Consolidated Theatres also discussed the consequences of a contract having neither an express nor an implied term of duration. When there is no express term, and the surrounding circumstances and the nature of the contract do not permit the construction of the contract to have an ascertainable term of duration, the contract is usually construed as terminable at will after a reasonable time of duration has elapsed. (69 Cal.2d at pp. 727-728, 73 Cal.Rptr. 213, 447 P.2d 325.) Thus, Consolidated Theatres establishes a three-step analysis of contractual terms of duration. The court first seeks an express term. If one is absent, the court determines whether one can be implied from the nature and circumstances of the contract. If neither an express nor an implied term can be found, the court will generally construe the contract as terminable at will. (Id. at p. 727, 73 Cal.Rptr. 213, 447 P.2d 325.)
The parties here differ only in which step they believe applies to the distribution agreements. Zee contends we may stop at the first step because the agreements have express terms of duration. The Association, with some suggestion that the agreements smack of purportedly disfavored perpetual contracts, argues that we must reach the third step and find the agreements terminable at the will of either party. Zee's position is correct.
The plain, unambiguous language that the contract “shall continue” until grounds arise for termination is a valid, express contractual term of duration similar to that upheld in Great Western, Noble, and Long Beach Drug Co. The contracting parties agreed in those cases that the contracts would continue as long as the parties performed. Since non-performance constitutes breach, a contract that lasts so long as the parties perform their obligations necessarily continues until breach and the corresponding right to terminate the contract. We conclude that under controlling decisions of the California Supreme Court, such express contractual terms for indefinite periods of time are valid in this state.6
Furthermore, the detailed intricacies of the termination provisions in the Zee distribution agreements clearly indicate the parties did not contemplate termination at will. For instance, time and again the distribution agreements preclude termination if a default under the agreement is cured in the detailed manner set forth by the agreement. Also, a distributor cannot suffer termination for one year of poor sales, but must be given another year and a chance to meet a “New Goal.” These provisions are inconsistent with at-will termination. We must presume that the provisions of these negotiated, nonadhesion contracts were agreed upon by parties who clearly contemplated a long-term, mutually beneficial symbiotic relationship. These are not contracts of casual employment or the mundane commerce of fungible goods. Zee and its distributors rely on the constancy of their interrelationships; clearly those relationships would be easily eliminated if the distribution agreements were terminable at will, and clearly the parties did not so contemplate. Moreover, the terms of the agreements protect the Association from arbitrary termination by Zee where even reasonable notice may be an inadequate substitute for the sweat and capital investment of a distributor.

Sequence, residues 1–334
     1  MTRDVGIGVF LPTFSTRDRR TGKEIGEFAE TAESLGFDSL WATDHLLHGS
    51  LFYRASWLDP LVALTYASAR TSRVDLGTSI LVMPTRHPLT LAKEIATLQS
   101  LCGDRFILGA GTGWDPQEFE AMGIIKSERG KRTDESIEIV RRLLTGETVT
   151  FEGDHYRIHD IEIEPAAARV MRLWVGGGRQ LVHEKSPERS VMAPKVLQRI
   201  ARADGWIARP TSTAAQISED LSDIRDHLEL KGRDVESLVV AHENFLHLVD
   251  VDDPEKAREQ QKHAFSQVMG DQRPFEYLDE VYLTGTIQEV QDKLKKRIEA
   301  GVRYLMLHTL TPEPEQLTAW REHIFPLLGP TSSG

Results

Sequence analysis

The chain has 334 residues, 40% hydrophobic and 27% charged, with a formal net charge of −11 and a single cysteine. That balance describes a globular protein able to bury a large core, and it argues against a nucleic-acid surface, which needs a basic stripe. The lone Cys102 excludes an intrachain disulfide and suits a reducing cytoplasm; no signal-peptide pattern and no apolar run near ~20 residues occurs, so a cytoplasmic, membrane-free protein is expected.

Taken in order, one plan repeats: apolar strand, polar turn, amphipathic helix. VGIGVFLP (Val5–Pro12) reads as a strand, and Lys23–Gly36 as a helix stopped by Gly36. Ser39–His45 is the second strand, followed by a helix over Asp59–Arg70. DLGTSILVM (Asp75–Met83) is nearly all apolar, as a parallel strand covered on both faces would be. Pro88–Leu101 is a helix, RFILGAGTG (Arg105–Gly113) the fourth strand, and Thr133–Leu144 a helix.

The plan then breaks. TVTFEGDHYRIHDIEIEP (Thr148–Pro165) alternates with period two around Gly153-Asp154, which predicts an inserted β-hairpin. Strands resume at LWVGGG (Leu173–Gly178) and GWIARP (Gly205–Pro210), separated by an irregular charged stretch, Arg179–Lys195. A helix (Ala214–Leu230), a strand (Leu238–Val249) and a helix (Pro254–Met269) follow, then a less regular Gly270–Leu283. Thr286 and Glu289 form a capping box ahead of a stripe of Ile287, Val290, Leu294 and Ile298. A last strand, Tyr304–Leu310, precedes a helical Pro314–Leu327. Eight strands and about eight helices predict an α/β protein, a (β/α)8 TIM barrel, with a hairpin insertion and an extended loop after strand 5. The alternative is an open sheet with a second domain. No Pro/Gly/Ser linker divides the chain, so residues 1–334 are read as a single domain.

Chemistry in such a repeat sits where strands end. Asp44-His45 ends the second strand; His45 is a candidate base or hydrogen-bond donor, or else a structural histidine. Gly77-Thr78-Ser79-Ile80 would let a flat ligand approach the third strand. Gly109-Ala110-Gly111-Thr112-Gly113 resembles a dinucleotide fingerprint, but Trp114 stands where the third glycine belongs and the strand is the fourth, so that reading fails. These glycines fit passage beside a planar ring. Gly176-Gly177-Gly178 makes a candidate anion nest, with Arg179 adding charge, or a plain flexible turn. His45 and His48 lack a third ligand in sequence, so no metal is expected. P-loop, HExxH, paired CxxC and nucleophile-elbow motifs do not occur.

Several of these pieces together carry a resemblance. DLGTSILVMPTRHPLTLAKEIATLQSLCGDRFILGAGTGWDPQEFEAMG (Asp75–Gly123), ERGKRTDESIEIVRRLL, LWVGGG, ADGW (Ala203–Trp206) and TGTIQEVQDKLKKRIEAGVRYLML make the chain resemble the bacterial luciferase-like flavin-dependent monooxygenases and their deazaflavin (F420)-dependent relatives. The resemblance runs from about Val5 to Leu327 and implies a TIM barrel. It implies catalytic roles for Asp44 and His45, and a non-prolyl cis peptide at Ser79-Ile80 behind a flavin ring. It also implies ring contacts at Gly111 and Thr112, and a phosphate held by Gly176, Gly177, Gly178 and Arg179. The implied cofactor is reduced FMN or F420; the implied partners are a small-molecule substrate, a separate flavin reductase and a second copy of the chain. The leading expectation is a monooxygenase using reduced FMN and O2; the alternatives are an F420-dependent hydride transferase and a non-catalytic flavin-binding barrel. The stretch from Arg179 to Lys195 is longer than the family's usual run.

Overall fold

The Association insists, however, that the contracts are terminable at will, on the premise that an express term of duration cannot be grounded in provisions for breach or termination - i.e., that “a provision for breach does not transform a contract without a term into one with a term.” The Association relies heavily on Trient Part. I Ltd. v. Blockbuster Entertainment (5th Cir.1996) 83 F.3d 704, and Jespersen v. Minnesota Min. & Mfg. Co. (1998) 183 Ill.2d 290, 233 Ill.Dec. 306, 700 N.E.2d 1014, which held that contracts purporting to last “indefinitely” until terminated by breach, or the occurrence of contractual grounds for termination, were terminable at will. The short answer to the Association's contention is found in Auto Equity Sales, Inc. v. Superior Court (1962) 57 Cal.2d 450, 20 Cal.Rptr. 321, 369 P.2d 937: Express indefinite contractual terms of duration for so long as the parties perform, i.e., until conditions for breach or termination arise, have been approved by our Supreme Court. We are not permitted to rule to the contrary. The long answer is that neither Trient nor Jespersen would lead us to a different result in this case.